December welcomes Christmas and New Year visitors looking to spend the holidays in Sicily's festive towns and cities. An excellent month to peruse Christmas markets, feast on local Sicilian delicacies, and explore ancient Greek and Roman ruins with next to no crowds.


Cloudy with bouts of sunshine, December is the rainiest month of the year in Sicily. Temperatures across the island range between an average low of 52˚F and high of 61˚F (11-16˚C) with the hills in the interior of the island being colder (sometimes seeing snow during cold spells), and mountainous areas over 3,300 feet (1,000 m) sometimes receiving an abundance. You’ll want to pack an umbrella with your sunglasses as well as warmer layers and winter gear if you’re planning on heading to the mountains.

And the truly brave may wish to bring their swimsuit as it's still possible to swim, the sea averaging 64˚F (18˚C).

Crowds & Costs

December is considered off-season here, so you can expect to source cheaper airfare and hotel prices with fewer travelers visiting cities, sites, and attractions. However, you’ll want to book your reservations in advance if you plan to come to the island after December 19 as you’ll be competing with Italian tourists holidaying over Christmas, noting an uptick in prices. Ski season is underway, though with other popular resorts north in the country, expect few crowds and inexpensive passes.

Leading up to Christmas, bear in mind that transportation services will be operating on a reduced holiday schedule and you’ll want to double-check hours for museums, monuments, and churches. As well as be aware of establishments and attractions that close for the season due to repair.

Where to Go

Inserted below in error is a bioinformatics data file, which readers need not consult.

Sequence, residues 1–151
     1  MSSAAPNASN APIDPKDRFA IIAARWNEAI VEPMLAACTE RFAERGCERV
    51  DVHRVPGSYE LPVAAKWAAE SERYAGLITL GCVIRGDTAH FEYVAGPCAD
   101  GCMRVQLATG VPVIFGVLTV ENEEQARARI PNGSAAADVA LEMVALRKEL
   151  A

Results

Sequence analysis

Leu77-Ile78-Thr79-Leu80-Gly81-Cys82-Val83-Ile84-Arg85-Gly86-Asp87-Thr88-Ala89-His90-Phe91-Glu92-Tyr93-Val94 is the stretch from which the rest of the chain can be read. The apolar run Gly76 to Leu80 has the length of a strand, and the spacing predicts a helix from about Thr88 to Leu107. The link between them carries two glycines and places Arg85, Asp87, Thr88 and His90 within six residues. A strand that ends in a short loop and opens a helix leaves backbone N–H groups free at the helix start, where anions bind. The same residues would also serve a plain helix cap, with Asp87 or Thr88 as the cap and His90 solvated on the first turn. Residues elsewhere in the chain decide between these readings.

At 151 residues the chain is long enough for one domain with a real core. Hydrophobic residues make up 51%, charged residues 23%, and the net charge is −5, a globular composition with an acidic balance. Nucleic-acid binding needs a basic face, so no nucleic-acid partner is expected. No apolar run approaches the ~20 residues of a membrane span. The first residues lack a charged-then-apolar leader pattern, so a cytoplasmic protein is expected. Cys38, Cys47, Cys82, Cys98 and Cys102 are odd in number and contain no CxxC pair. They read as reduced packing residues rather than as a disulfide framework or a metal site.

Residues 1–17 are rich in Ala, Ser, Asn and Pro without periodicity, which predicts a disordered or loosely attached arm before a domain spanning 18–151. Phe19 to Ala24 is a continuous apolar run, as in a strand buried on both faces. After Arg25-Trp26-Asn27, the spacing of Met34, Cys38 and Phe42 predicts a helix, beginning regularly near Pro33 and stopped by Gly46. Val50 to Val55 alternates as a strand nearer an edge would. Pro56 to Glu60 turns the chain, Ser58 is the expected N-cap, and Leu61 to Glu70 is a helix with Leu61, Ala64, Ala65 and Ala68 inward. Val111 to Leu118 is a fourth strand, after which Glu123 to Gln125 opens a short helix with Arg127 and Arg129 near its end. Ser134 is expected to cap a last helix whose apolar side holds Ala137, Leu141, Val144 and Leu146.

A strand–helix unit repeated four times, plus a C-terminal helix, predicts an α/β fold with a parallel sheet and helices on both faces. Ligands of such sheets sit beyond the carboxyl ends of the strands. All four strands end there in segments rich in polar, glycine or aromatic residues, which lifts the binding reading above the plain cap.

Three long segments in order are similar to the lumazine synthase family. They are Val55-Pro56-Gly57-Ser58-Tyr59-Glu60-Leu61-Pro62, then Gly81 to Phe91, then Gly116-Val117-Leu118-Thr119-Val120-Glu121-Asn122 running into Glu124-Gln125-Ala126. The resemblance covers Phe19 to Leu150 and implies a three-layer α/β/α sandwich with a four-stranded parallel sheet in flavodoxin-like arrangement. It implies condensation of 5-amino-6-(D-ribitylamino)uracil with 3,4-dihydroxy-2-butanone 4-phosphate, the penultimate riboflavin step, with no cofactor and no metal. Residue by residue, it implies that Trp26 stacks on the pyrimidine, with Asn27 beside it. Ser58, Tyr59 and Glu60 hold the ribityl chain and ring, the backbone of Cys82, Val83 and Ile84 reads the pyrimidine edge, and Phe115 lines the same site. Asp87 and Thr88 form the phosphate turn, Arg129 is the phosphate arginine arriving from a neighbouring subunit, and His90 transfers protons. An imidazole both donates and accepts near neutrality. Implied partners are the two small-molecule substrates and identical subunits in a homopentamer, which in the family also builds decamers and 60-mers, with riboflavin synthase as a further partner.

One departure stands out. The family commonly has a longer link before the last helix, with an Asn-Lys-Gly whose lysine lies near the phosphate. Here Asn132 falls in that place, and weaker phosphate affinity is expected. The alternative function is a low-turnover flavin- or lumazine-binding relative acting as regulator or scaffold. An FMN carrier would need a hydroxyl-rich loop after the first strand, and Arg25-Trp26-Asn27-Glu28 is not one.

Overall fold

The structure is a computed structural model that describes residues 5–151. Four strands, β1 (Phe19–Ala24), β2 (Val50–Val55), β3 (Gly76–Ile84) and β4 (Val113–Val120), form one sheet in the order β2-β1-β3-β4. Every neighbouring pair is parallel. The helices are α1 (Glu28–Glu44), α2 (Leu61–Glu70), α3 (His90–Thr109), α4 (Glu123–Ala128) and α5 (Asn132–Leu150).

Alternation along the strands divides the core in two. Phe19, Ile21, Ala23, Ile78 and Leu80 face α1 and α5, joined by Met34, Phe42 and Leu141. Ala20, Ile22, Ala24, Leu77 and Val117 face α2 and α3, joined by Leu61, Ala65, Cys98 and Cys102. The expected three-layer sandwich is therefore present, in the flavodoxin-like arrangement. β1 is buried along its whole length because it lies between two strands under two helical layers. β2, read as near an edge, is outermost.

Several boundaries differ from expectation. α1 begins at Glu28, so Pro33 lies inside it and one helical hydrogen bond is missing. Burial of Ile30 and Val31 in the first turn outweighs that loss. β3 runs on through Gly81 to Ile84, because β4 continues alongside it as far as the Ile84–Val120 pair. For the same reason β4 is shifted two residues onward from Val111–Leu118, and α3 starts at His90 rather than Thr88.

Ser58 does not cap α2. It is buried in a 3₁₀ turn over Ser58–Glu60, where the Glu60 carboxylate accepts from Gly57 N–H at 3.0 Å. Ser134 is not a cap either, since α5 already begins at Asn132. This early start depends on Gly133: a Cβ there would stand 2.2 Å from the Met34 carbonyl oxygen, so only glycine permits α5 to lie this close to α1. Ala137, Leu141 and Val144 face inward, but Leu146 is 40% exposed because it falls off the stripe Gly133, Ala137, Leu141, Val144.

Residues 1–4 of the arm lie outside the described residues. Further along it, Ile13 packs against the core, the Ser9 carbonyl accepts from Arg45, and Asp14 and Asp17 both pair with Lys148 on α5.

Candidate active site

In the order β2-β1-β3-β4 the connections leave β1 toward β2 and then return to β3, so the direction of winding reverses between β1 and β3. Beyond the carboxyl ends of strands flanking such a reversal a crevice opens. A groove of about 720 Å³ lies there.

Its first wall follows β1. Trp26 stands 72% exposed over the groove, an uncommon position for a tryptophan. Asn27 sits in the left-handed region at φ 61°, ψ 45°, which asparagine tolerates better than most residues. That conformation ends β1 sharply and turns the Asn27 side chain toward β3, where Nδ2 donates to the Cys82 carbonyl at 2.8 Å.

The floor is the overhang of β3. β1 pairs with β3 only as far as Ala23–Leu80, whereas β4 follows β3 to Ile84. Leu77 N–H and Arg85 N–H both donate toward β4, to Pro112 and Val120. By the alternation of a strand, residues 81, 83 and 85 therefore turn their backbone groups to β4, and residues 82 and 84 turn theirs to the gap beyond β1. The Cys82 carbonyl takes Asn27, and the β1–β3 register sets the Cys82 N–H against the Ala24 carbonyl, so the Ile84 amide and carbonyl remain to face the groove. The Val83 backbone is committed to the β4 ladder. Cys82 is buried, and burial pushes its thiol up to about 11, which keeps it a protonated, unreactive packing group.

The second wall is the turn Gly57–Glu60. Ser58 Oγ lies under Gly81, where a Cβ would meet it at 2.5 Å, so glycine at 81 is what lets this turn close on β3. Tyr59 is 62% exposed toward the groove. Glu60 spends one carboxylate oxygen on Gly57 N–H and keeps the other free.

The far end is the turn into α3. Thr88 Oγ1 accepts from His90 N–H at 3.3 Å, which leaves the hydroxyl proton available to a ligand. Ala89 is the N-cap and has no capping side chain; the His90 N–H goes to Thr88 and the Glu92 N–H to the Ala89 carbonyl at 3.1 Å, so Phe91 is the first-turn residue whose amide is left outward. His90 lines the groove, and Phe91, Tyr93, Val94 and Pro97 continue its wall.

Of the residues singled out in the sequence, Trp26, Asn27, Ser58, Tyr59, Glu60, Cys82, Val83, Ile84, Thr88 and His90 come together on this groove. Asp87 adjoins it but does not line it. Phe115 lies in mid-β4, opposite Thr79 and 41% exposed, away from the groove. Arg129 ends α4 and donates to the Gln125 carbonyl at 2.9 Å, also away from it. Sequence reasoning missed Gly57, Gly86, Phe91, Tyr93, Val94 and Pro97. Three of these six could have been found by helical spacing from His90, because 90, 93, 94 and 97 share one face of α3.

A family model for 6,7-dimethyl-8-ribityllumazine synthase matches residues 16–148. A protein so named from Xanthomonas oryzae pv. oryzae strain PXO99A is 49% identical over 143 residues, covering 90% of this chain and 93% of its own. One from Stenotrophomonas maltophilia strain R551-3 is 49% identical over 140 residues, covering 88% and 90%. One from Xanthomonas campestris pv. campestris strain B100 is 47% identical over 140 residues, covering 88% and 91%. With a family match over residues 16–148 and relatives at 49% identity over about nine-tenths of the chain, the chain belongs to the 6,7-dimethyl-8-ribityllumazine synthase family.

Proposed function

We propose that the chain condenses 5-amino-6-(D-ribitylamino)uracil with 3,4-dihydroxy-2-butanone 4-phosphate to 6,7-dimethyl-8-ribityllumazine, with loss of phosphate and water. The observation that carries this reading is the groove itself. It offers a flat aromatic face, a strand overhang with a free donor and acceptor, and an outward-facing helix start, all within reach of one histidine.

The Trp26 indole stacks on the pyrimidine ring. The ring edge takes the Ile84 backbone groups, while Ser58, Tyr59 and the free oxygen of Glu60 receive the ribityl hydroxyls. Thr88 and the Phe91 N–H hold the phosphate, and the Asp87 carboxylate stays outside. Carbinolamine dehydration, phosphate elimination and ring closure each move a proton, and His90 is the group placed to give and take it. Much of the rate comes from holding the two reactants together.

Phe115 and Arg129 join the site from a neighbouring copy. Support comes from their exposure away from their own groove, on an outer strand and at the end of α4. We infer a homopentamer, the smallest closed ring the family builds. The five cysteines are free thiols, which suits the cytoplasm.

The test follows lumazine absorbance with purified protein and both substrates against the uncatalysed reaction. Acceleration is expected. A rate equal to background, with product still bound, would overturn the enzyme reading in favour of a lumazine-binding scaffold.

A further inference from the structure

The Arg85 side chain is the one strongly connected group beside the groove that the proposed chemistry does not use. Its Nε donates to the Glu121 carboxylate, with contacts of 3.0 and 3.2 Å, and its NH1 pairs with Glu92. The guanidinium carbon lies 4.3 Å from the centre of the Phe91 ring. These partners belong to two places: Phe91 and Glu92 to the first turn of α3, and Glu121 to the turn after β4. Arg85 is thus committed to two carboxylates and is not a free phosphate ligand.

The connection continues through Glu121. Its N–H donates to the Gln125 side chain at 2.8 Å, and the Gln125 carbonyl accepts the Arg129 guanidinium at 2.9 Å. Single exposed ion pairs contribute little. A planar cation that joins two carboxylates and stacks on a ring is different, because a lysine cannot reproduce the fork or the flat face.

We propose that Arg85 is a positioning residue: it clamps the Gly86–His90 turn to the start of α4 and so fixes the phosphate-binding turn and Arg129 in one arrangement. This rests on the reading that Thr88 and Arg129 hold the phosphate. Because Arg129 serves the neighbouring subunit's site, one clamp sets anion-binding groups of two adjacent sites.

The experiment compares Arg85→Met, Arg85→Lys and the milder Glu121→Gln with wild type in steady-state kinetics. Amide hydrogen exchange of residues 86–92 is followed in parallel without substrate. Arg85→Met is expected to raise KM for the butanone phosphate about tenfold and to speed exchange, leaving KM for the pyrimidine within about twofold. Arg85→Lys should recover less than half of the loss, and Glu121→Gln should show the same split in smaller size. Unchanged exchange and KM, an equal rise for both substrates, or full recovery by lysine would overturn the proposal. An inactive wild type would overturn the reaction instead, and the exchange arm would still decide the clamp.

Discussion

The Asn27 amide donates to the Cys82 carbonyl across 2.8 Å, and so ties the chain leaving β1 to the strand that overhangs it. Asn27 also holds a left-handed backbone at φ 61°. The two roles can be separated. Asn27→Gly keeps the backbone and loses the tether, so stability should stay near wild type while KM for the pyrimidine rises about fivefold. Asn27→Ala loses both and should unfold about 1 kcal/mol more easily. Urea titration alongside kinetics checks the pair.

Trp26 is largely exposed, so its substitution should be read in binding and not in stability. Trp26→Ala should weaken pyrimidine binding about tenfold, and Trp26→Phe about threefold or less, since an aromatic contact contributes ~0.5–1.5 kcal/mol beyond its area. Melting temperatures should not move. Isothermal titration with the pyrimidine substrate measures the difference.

Syracuse is an excellent place to start your holiday with its cultural attractions: theaters, museums, restaurants, and festive Christmas Fair, the island’s most colorful holiday market. While every home and church across the island has its presepi (nativity scenes), you’ll want to venture to the small village of Scurati in Custonaci and into the enormous Mangiapane Cave to check out their living nativity scene (known as Presepe Vivente). And if you happen to be on the opposite side of the island in the province of Ragusa, you’ll want to spend a little time checking out their take on the Christmas tradition—make your way to the Ispica Cave in the Parco Forza area for close to forty re-enacted scenes.

Though ski conditions aren’t as favorable as later in the season (January and February), there is certainly a chance to hit the slopes for those who need a winter sports fix. Head to the Piano Battaglia resort in the Madonie mountains for several runs starting at 5,249 feet (1,600 m), or for a unique ski/snowboard experience get yourself to the north or south side of Mount Etna for a handful of runs of varying difficulty. 

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What to Do

Even though it’s still possible to don a swimsuit, December is better suited to cultural exploration and land-based activities, especially now that the hordes of tourists are away. Discover some of the world’s most significant archaeological sites. Wander amid ancient Greek and Roman ruins at many sites strewn throughout the island, like the sprawling archaeological park in Selinunte, the imposing ridge-top temples of the Valley of the Temples in Agrigento, and the well-preserved and incredibly varied mosaics in Villa Romano del Casale. And if you’re in Syracuse venture to the Neapolis Archaeological Park for a mix of Greek and Roman ruins.